Diane Reich speaks about reluctance to grow

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BYU professor Diane Reich speaks to students in a devotional address on June 6, 2017. (Danielle Jardnie)

Division Coordinator in the BYU School of Music and associate professor of voice Diane Reich addressed students in a devotional on June 6 about what it means to be reluctant to grow and how to overcome that reluctance.

She began her remarks discussing how the phrase “reluctant to grow” was one of the first things she thought of when she was asked to give this devotional.  She relayed the definition of the word “reluctant,” which includes synonyms like “unwilling” and “hesitant.”

Reich has accomplished a lot, including pursuing a doctorate while also working two jobs, bearing two children and singing operas on the main stage at one of the top music schools in the country. But, she mentioned she may be afraid of the process of growing.

“It is hard to grow, it can be painful to grow,” Reich said. “Thus, it seems, my proud and stubborn heart is, indeed, hesitant to grow.”

Reich gave the scriptural examples of Jonah and Laman and Lemuel, who were all “reluctant growers.”  All three of these people ended up doing some of the things the Lord asked, but they didn’t allow themselves to change or grow in the process, according to Reich.

“I have learned that Heavenly Father does not just want me to do something, He wants me to become something,” Reich said. “When I strive to become, then will my heart turn towards the things that I must do.”

Reich shared three important opportunities in her life during which she grew immensely.

She first discussed her mission to the Utah Ogden Mission, which was disappointing for a girl who grew up in Orem and was hoping for a more exotic call.

“Heavenly Father needed me to learn that in order to serve Him, I needed to be humble, and here was a small dose just to get me started,” Reich said.

She ended up loving her mission and the people she served. It ended up changing the direction of her life, including where she went to graduate school and then met her husband.

Another opportunity for growth Reich mentioned was serving on the BYU Women’s Conference Committee. She said she felt out of place and wasn’t sure what she could offer to this group of influential and intimidating women. Reich began to realize she truly wanted to become more like these women who surrounded her but knew that would require change and growth on her part.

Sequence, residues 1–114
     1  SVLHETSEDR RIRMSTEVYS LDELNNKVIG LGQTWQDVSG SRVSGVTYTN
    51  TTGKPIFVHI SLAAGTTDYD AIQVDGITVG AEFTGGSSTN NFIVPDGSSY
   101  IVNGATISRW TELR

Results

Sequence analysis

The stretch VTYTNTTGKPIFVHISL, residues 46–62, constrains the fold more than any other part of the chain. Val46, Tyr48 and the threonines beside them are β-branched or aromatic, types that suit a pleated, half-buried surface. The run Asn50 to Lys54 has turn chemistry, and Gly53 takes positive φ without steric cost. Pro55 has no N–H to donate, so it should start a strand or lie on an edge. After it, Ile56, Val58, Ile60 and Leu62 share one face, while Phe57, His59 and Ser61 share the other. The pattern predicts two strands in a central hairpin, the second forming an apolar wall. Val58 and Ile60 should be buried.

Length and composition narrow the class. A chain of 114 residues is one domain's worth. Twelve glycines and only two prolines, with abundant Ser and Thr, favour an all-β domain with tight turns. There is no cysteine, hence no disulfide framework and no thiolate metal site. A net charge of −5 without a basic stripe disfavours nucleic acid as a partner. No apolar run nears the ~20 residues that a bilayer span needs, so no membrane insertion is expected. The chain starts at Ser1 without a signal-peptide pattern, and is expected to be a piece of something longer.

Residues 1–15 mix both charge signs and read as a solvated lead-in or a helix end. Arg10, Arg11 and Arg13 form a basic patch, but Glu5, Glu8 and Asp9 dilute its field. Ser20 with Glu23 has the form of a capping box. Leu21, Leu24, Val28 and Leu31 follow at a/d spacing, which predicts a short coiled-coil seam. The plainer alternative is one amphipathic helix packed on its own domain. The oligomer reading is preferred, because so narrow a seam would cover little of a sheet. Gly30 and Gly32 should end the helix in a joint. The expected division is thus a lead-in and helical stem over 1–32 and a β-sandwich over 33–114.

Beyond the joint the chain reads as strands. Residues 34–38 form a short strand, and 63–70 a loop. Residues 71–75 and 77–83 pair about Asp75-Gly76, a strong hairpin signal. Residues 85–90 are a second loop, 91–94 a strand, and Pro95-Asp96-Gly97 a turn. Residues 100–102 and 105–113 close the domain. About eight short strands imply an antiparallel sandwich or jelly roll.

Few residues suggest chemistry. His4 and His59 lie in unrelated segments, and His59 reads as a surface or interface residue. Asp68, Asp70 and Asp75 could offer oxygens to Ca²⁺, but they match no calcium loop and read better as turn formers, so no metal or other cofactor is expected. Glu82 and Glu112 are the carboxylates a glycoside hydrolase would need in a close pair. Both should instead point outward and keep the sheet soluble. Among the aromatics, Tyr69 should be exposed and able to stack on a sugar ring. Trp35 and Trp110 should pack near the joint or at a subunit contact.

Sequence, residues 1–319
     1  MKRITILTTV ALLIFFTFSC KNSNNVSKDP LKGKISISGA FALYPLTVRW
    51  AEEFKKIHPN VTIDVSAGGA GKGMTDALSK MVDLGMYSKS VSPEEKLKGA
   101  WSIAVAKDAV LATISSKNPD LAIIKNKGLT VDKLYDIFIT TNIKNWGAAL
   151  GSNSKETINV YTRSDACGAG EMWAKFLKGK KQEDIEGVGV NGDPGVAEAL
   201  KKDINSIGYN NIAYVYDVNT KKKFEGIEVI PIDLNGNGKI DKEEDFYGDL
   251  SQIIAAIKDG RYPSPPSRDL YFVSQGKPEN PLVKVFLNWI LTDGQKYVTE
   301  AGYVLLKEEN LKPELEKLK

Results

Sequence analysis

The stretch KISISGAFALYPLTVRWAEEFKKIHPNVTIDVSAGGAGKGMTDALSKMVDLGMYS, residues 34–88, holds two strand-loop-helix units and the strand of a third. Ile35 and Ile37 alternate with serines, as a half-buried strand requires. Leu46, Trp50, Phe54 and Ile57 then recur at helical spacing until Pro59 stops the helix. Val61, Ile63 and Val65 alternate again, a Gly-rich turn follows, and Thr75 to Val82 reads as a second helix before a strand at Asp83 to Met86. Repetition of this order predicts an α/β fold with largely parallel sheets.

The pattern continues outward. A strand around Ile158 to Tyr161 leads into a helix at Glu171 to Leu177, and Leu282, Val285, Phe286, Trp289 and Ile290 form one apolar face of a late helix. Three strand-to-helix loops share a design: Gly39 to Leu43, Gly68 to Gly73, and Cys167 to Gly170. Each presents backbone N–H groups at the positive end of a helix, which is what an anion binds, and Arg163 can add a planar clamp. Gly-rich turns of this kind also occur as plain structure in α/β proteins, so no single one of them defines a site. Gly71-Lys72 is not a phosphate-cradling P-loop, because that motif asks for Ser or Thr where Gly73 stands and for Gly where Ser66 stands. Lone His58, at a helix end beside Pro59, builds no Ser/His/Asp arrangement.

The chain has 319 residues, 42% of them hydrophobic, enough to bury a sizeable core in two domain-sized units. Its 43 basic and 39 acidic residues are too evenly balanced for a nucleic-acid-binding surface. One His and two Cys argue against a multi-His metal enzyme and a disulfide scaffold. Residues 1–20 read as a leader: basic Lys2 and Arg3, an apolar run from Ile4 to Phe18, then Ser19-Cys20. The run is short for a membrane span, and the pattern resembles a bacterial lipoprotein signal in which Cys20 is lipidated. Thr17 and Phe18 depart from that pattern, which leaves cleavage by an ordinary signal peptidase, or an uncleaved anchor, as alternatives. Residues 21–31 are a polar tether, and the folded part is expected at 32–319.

“If I was to become a Woman of God, I needed to allow myself to become more, to be uprooted, to dig a little deeper,” Reich said.

The third experience she mentioned was being able to lead a study abroad to Vienna, Austria through the BYU School of Music. She had never had a study-abroad experience as a student or a faculty, and only had eight months to plan the trip. Reich initially was reluctant to accept the opportunity but ended up growing and loving the experience.

“I cringe to think that my hesitation may have robbed us of those experiences, and our individual opportunities for growth,” Reich said.

Reich then mentioned three fundamental elements to help foster change and growth: prayer, scripture study and fasting.

Reich closed her remarks with a commitment to embrace growth and change in her own life.

“Just as I have confessed to be a reluctant grower, I now pledge to you, and maybe with you, and pledge to my Heavenly Father, that I do not choose to be like Laman and Lemuel,” Reich said.  “Instead, I choose to be like Nephi, to ‘go and do,’ and more importantly, to become what the Lord commands.”

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